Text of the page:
2024 Kings Seasons In Review – Trevor Lewis

Starting the individual forward articles with a look at Trevor Lewis.

Lewis returned to Los Angeles after several seasons away as a veteran on a league-minimum deal for a team that was tight against the cap. He filled a fourth-line role pretty effectively, as the numbers will show you below. A low-risk reunion that seemed to work for both sides, as Lewis played all 82 games in his return to the Kings.

Trevor Lewis
LAK Statline –82 games played, 8 goals, 8 assists, +7 rating, 20 penalty minutes
LAK Playoff Statline – 5 games played, 0 goals, 0 assists, -1 rating, 0 penalty minutes
NHL Possession Metrics (Relative To Kings) – CF% – 52.8% (-1.5%), SCF% – 50.1% (-4.1%), HDCF% – 50.4% (-3.5%)

Trending Up – This is going to look a lot like a segment of Blake Lizotte’s blurb the other day. And here’s why.

Lewis and Lizotte were above 58 percent in actual goal share when on the ice together. They ranked over 53 percent in all of Natural Stat Trick’s tracked underlying or possession-based metrics when playing together and below 50 percent when playing apart. The two spent almost their entire season on the fourth line and were rarely separated when both were in the lineup. For a one-year contract at the league minimum, Lewis was an effective complementary player to his most-regular linemate at 5-on-5.

Lewis was also a key part of the Kings’ enhanced penalty-killing performances this season. Among skaters to play at least 100 minutes on the penalty kill this season, Lewis ranked fourth in the entire NHL in terms of fewest goals against. That’s fourth out of 238 skaters. Lewis was a regular on the PK and, at times, the first option over the boards on the NHL’s second most successful unit. The Kings as a whole were one of the league’s best at killing penalties and Lewis was one of the best on the league’s best. Good stuff.

Look, I saw a lot of the Lewis conversation this season. And I honestly couldn’t understand any of it. He was brought back to be the team’s 12th forward. His usage was that of the team’s 12th forward (9:39 5-on-5 TOI per game, no Kings forward with more than 20 GP averaged fewer minutes). He killed penalties and he was one of the league’s best at not being on the ice for power-play goals against. He approached 10 goals while averaging less than 10 minutes at 5-on-5 per game and produced solid splits. All for $775,000. Not sure what more you could have really wanted from that position.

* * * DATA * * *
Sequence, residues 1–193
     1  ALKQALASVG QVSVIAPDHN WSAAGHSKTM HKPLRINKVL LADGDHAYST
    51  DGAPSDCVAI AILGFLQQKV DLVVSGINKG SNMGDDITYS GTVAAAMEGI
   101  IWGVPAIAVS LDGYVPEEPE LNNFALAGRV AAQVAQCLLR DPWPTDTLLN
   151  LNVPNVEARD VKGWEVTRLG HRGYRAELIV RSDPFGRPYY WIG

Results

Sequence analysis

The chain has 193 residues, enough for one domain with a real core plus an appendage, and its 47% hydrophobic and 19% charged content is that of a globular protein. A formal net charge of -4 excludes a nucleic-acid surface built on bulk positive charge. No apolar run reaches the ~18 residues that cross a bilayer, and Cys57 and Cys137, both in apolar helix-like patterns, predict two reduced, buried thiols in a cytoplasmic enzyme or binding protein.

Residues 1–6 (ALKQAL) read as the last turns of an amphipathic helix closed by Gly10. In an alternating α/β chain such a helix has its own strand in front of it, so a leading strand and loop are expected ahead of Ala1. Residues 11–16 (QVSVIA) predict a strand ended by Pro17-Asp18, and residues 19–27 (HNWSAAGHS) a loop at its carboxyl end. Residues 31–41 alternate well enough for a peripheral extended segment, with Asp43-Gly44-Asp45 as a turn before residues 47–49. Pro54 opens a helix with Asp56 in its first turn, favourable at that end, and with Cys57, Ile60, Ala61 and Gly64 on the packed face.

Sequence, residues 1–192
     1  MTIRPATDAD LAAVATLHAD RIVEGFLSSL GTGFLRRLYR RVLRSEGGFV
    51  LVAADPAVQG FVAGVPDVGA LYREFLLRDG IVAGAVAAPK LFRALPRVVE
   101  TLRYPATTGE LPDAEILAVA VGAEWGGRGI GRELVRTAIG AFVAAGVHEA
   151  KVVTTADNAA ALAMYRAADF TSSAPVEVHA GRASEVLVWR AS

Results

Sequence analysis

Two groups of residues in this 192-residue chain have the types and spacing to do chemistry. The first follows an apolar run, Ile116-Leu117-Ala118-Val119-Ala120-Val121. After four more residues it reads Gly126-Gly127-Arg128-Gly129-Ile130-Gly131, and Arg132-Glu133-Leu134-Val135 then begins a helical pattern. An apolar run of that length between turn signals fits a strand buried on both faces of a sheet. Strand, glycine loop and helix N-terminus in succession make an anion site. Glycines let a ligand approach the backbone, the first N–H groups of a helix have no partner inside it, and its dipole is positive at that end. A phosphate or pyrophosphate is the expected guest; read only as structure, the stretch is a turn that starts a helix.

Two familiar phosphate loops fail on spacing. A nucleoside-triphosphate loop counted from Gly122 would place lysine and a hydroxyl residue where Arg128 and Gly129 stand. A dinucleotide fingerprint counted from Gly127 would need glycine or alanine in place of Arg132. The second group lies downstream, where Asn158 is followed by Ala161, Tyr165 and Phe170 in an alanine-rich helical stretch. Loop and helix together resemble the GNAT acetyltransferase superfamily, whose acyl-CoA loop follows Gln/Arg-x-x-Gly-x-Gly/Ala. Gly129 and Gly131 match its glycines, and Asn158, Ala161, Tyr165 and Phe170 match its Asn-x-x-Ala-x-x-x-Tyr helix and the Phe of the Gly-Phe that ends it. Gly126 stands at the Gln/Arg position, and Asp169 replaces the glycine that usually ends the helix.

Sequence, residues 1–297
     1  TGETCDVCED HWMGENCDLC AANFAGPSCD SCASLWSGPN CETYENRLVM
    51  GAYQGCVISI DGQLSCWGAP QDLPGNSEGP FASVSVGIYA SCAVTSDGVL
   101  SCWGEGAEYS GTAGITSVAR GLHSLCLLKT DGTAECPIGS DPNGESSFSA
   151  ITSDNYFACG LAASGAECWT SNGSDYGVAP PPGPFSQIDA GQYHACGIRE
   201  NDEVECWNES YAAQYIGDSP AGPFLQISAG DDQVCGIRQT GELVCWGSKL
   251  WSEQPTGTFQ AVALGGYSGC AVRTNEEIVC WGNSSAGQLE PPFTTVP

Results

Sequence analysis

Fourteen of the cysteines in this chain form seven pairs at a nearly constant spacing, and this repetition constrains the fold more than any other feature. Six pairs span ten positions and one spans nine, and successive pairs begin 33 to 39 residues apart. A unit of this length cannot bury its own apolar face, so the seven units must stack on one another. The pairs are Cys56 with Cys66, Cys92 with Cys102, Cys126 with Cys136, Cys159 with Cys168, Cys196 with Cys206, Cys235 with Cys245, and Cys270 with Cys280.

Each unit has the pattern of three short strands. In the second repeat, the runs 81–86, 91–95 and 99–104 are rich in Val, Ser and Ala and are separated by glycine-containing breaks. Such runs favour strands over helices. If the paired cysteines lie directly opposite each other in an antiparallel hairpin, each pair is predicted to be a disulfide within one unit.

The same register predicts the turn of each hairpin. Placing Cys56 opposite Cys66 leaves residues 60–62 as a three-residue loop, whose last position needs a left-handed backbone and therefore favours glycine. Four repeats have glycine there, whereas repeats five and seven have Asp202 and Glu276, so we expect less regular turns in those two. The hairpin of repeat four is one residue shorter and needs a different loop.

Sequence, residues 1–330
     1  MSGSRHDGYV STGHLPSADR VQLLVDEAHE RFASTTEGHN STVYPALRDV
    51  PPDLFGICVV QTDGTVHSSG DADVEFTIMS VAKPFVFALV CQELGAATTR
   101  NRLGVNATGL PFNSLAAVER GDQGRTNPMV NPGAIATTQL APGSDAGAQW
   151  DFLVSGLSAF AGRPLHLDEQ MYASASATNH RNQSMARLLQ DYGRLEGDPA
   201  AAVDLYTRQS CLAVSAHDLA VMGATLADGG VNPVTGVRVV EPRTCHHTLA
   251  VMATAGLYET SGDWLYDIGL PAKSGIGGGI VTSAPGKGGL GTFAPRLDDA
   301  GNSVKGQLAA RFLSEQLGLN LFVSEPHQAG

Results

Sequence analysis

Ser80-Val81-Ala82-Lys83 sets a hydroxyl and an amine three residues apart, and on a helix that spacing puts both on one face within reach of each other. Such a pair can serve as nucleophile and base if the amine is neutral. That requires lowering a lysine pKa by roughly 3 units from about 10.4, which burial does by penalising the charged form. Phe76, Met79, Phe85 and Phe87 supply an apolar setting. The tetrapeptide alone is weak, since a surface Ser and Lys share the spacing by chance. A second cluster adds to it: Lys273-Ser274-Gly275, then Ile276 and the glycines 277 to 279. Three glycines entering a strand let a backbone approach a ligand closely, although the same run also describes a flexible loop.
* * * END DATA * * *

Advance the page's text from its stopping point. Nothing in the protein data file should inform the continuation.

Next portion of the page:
Trending Down – The other side of the coin, I suppose, is that with a player like Lewis where you know what you’re going to get, there is a lack of dynamic, offensive plays. Lewis ranked in the bottom-two among regular Kings forwards in on-ice scoring chances and high-danger chances on a per/60 basis. His individual numbers were more towards the center of the curve, but at both ends of the ice, Lewis was responsible and safe. Not a ton of Grade-A offensive chances coming there, in a low-event season, but not much against either. In today’s NHL, teams are getting more and more offense from the fourth line and although they were on the positive side of the ledger, it was the defense not the offense that delivered those results.

There’s also the playoffs. And, to repeat what I’ve written in a few of these, Lewis was on the penalty killing unit that gave up nine goals from five games. Lewis led all Kings PK’ers in shorthanded time on ice in the playoffs and was on the ice for three of those nine goals. The goals against up front were much more evenly distributed than on the backend, but in a series where special teams was the most notable deciding factor, that unit did not get the job done.

2024-25 Outlook– Lewis is an unrestricted free agent this summer, coming off the one-year contract he inked with the team last July 1.

I think Lewis will have a few options. He’s certainly towards the end of his playing career but he’s also 26 games away from 1,000 in the NHL. I’d imagine he will want to reach that mark. He deserves to reach that mark. An NHL franchise also just relocated to Lewis’ home state of Utah and being on that team could potentially be of interest to him. The Kings, though, were the team that drafted Lewis and there was an emotional component for he and his family in coming back. He filled the role he was signed to fill and is more than capable of filling it again next season, whether that be in Los Angeles, Utah or elsewhere.

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